That is the title of a new book, edited by Steven Kates. It is published by Edward Elgar ($$$). I am one of the contributing authors.
My essay argues that Keynesians use two very different approaches in marketing their ideas. First, they use a simplistic approach (“spending creates jobs and jobs create spending”) to talk to politicians and the general public. Second, because among trained economists it is indefensible to ignore prices and instead talk about quantities depending on quantities, Keynesians talk in academic circles in an entirely different fashion.
I say that that fatal flaw in both approaches is aggregation–treating the economy as a GDP factory. This makes it impossible for Keynesians (or for macroeconomists in general) to think about the issue of patterns of sustainable specialization and trade. The PSST story is that some patterns of trade become unsustainable as tastes and technology change, and addressing this requires a trial-and-error process to evolve new sustainable patterns.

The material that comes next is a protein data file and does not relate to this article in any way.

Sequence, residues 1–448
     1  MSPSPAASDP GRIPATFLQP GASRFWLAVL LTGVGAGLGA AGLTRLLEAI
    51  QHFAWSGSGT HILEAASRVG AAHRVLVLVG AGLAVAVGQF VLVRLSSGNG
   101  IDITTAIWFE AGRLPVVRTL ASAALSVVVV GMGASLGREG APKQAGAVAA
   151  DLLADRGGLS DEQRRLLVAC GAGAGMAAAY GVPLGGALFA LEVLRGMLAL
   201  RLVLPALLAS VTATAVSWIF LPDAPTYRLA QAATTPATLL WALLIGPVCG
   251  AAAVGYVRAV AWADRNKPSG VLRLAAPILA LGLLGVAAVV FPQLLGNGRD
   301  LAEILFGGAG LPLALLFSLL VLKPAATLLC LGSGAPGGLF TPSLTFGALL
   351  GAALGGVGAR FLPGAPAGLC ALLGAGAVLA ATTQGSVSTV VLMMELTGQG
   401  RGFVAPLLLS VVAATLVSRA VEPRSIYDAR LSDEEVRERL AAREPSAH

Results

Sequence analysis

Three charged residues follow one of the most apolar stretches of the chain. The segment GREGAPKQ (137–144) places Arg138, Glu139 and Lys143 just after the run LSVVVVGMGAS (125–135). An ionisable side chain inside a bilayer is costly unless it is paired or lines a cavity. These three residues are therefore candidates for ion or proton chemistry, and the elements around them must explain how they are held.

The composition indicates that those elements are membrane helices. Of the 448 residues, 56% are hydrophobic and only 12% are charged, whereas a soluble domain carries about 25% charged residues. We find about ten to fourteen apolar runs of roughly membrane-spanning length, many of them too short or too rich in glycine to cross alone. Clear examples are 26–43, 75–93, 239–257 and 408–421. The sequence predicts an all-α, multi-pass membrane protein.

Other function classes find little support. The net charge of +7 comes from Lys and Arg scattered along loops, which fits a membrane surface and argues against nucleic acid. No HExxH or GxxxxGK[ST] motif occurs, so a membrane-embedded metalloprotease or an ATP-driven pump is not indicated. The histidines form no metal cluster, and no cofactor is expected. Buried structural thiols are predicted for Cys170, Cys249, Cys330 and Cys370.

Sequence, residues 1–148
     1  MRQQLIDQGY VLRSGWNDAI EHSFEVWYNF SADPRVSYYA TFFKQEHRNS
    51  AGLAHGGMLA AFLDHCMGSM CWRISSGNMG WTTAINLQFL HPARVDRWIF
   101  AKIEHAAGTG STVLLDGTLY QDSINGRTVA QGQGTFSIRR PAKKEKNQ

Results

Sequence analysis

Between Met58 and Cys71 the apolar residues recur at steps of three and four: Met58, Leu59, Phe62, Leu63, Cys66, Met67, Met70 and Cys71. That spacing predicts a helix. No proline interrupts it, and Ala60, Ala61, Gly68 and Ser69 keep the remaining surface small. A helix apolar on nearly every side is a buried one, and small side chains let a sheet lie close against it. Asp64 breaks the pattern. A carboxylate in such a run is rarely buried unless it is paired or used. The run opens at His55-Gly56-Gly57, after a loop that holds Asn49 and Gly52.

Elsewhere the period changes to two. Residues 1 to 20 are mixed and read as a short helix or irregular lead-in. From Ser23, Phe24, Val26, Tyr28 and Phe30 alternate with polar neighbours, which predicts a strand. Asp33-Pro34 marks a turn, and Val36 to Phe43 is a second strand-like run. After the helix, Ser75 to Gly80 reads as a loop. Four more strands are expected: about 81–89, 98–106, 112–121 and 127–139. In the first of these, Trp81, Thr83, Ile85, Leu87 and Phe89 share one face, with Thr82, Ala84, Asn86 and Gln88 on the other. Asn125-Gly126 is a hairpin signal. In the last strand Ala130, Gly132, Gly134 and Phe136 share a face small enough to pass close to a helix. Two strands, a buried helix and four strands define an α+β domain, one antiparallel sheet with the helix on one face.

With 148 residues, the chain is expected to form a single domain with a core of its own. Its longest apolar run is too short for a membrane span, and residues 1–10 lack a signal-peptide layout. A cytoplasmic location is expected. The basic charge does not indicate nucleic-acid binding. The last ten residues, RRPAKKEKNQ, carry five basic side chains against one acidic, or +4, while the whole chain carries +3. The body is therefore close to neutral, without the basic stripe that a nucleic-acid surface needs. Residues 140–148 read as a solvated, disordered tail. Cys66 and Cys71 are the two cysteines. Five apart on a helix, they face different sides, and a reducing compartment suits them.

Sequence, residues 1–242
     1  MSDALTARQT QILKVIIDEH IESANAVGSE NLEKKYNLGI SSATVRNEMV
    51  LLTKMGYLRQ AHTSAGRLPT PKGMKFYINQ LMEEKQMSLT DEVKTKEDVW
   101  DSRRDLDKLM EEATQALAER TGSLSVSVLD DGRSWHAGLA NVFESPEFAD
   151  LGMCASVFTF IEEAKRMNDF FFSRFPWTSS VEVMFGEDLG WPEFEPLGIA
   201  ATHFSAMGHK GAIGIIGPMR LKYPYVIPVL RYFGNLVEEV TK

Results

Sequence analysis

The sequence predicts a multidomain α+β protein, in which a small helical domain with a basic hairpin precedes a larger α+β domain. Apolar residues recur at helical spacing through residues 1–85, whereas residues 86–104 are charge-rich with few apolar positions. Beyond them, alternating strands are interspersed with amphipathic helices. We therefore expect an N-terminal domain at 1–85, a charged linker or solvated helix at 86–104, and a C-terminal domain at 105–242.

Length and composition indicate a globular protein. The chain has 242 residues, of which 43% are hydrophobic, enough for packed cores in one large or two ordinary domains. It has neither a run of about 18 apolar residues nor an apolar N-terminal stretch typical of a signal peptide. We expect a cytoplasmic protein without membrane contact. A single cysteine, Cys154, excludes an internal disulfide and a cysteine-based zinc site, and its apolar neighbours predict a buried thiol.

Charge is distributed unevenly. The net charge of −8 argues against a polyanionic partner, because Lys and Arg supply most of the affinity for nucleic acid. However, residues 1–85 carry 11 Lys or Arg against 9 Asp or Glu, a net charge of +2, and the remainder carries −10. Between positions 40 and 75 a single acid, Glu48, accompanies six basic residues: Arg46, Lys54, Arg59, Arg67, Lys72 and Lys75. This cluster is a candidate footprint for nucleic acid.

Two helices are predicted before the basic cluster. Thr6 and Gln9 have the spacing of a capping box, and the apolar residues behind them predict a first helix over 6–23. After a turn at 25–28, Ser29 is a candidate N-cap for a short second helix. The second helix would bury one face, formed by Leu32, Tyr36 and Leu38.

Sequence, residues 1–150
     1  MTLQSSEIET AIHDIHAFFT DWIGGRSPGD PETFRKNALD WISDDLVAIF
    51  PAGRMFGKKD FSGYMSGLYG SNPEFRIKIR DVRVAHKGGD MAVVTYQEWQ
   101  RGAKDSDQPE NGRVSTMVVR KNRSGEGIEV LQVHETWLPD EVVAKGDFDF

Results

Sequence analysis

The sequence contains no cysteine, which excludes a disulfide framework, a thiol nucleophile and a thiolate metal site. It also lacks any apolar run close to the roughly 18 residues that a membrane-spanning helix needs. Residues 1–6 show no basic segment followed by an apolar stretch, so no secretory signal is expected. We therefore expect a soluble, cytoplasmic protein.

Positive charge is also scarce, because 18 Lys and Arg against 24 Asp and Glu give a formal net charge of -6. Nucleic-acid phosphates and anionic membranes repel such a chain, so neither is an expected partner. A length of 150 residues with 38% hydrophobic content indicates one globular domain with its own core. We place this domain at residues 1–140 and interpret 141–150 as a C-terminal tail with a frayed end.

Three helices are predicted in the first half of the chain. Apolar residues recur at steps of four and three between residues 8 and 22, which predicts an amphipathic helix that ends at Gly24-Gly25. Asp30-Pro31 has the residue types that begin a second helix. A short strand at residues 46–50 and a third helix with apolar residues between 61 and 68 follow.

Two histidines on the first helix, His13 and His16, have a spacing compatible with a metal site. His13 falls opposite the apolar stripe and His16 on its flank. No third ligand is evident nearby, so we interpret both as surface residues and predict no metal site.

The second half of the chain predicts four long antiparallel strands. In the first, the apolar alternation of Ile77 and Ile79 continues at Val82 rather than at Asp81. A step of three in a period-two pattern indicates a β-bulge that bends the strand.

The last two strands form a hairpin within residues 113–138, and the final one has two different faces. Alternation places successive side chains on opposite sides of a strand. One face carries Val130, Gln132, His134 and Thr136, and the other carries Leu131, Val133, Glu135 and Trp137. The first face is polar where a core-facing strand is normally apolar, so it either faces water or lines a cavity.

In terms of policy, the Keynesian assumption that all work is done in the same GDP factory suggests that government can fix a recession without knowing any specifics about the characteristics of unemployed workers. In reality, worker skills are heterogeneous, and there is no guarantee that a fiscal stimulus will be relevant to the workers who are having difficulty adjusting to new circumstances.
I reprise some of these points in Specialization and Trade, which is priced so that an entity other than a library might wish to purchase it.